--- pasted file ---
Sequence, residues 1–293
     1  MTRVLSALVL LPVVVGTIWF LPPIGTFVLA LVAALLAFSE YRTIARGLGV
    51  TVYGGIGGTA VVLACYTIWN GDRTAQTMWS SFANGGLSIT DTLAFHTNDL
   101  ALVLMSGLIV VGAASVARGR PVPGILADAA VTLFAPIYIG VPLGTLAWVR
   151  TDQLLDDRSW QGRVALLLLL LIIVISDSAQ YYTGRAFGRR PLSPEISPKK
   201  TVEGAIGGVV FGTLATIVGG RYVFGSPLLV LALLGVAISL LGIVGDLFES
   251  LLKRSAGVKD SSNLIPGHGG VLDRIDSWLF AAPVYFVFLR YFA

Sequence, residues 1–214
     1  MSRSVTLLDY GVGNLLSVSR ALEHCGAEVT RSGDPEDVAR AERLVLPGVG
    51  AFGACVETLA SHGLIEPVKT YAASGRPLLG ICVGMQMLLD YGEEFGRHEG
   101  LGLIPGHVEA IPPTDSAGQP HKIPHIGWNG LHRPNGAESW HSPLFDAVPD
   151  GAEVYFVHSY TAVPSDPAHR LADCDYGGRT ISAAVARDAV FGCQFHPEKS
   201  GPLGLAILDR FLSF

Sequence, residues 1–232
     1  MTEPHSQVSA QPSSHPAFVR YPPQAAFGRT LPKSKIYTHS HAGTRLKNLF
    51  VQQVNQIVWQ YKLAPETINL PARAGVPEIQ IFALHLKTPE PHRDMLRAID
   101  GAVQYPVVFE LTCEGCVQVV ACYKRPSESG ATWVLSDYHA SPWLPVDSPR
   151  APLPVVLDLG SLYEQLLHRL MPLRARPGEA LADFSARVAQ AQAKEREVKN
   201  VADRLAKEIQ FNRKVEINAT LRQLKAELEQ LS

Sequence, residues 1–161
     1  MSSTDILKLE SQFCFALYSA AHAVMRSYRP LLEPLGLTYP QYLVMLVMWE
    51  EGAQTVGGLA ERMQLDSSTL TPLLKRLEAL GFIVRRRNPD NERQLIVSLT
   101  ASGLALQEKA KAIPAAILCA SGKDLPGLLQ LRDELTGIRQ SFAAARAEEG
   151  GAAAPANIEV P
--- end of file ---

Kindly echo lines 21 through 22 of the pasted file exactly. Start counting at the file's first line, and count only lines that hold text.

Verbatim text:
     1  MSSTDILKLE SQFCFALYSA AHAVMRSYRP LLEPLGLTYP QYLVMLVMWE
    51  EGAQTVGGLA ERMQLDSSTL TPLLKRLEAL GFIVRRRNPD NERQLIVSLT